Guinevere Pettigrew, a middle-aged London governess, finds herself unfairly dismissed from her job. An attempt to gain new employment catapults her into the glamorous world and dizzying social whirl of an American actress and singer, Delysia Lafosse.
Set in 1930s Shanghai, where a blind American diplomat develops a curious relationship with a young Russian refugee who works odd -- and sometimes illicit -- jobs to support members of her dead husband's aristocratic family.
Sam has roped his friend Marshall into going on a weekend outing. Marshall thinks the trip is about re-establishing their friendship, while Sam has ulterior motives - namely, trying to win back Zoe, a woman he loves. Sam talks his way into getting them invited to a party at a beach house where Zoe is getting married to Whit. While Marshall goes through all the emotions of deceit, like anger, depression and acceptance, Sam is trying all of the angles in trying to win Zoe back. Written by
[reading for children's book]
He would not take no for an answer. Our young hero traveled a great many leagues beneath the ocean's surface to find his shackled mermaid. And he had no intention of leaving without her. However, the evil Sea King had other plans. Like a mad man driven by love and revenge, he unsheathed his spear gun and fired!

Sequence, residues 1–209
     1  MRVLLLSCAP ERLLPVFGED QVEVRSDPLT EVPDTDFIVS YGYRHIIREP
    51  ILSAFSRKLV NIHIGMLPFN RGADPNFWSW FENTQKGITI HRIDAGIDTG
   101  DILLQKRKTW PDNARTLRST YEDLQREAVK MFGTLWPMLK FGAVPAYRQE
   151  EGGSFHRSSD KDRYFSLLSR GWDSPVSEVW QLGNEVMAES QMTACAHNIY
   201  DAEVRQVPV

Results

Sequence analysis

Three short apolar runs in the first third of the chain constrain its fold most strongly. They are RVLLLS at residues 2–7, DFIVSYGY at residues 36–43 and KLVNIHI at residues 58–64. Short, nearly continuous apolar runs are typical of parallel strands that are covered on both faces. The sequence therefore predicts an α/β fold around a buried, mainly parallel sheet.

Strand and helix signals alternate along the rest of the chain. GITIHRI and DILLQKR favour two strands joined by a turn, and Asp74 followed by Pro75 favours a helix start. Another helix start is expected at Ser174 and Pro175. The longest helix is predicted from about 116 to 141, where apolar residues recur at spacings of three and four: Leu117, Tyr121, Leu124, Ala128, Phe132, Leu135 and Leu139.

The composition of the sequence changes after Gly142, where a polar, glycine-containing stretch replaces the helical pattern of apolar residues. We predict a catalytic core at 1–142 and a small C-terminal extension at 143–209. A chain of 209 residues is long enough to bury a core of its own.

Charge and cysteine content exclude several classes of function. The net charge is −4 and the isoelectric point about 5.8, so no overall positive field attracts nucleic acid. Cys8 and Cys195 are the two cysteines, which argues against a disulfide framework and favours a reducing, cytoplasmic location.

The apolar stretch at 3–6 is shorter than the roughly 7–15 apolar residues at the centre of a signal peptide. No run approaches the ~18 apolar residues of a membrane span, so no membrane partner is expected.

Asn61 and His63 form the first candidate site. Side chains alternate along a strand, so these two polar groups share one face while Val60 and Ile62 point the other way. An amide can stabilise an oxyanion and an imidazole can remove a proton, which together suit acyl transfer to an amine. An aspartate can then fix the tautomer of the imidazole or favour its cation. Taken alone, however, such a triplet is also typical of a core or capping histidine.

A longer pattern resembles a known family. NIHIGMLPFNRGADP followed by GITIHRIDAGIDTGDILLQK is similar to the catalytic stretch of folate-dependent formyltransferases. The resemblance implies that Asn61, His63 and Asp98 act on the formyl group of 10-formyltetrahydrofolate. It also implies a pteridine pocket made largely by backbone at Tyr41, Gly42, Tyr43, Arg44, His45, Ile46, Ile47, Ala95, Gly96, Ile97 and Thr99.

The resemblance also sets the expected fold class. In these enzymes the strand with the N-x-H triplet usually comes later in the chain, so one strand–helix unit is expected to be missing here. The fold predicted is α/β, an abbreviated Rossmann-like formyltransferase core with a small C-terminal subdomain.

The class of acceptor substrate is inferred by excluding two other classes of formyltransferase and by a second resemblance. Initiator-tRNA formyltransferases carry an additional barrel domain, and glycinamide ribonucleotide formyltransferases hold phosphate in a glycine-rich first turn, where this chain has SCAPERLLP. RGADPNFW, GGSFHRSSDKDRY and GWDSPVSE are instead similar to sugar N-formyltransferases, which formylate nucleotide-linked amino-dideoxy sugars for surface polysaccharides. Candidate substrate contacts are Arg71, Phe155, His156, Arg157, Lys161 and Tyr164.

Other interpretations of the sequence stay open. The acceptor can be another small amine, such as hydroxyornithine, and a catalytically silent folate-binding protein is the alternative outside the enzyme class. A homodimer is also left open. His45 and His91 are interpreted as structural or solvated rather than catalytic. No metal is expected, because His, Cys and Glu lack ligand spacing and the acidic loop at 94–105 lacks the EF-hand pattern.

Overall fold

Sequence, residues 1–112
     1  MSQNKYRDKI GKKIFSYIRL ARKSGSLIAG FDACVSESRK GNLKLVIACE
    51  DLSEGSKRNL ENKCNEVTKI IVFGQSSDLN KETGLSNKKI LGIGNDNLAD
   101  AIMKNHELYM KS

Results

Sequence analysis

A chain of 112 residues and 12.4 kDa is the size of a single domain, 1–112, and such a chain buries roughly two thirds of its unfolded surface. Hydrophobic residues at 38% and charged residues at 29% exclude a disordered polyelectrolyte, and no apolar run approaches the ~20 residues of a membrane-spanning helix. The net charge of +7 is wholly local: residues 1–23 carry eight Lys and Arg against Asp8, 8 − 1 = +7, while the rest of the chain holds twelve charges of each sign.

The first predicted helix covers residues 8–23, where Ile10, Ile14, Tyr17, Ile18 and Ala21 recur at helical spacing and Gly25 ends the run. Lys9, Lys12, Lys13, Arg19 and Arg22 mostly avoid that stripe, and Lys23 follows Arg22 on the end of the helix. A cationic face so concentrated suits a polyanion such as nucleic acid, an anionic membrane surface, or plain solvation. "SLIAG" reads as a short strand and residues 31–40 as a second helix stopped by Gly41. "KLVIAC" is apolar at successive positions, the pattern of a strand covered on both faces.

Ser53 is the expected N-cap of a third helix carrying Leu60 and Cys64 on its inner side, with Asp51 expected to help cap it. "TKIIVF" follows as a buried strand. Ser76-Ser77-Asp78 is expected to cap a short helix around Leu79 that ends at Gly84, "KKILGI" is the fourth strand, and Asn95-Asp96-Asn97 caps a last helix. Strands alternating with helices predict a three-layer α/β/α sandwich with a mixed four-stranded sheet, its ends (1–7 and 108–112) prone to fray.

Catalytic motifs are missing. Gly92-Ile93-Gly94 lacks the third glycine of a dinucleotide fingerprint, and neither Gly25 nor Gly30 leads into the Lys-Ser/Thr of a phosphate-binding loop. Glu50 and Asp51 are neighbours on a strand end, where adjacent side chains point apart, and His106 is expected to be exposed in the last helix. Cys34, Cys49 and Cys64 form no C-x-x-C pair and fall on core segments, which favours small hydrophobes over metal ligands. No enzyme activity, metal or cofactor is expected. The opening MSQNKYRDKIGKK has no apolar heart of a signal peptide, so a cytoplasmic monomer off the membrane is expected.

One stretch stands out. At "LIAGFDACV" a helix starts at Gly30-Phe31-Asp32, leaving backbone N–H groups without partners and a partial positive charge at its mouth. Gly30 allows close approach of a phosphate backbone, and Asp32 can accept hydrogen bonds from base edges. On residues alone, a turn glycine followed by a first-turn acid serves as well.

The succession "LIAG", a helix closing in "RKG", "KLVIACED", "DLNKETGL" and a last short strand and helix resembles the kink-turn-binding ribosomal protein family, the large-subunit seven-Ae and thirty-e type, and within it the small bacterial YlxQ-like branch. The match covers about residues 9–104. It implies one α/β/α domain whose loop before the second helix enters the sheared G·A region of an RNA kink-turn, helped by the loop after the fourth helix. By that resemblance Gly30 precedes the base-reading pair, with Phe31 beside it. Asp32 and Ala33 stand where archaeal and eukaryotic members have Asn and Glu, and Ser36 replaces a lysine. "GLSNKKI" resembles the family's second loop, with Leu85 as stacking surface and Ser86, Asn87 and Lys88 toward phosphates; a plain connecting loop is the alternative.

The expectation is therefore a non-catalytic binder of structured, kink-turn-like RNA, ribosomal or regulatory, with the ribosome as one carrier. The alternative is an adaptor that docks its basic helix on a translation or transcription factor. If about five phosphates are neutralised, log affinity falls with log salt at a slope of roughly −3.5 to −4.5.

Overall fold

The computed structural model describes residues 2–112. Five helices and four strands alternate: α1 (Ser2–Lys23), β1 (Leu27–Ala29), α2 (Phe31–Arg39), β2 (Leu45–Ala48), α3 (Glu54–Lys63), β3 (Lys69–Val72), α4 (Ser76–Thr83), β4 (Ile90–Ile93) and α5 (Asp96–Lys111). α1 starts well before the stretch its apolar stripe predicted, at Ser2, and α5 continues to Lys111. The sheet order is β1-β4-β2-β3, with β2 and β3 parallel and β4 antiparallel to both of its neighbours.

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I'll keep this short. Just out the gate, I think there's two types of people who will like this: a) those with a eye for hipster-esque romantic indies with above-average dialogue and sweet scenes that breathe and b) those who have a affinity for one of the main cast (Thurman, Pace, Angarano). Luckily, I fit both those categories - and truly, I loved it.
It isn't ha-ha funny, or an epic romance, but it plays true to life. The scenes are well put together, the acting is on-spot (which is a true achievement, considering what some may consider oddities in casting choice) and moments are over/underplayed to the right extent (again, very important). The setting is beautiful, the music gives character and the secondary actors only add to the overall narrative.
I don't think there's a broad message for anyone here. It's what you make of it, based on the person you are.
Overall, if you can handle a breezy, quaint 90 minutes that maybe make you question your own romantic entanglements and first-world issues, give this a go. If you'd rather have a solid beginning/middle/end sort of rom-com, look elsewhere. :)
3 of 4 people found this review helpful.
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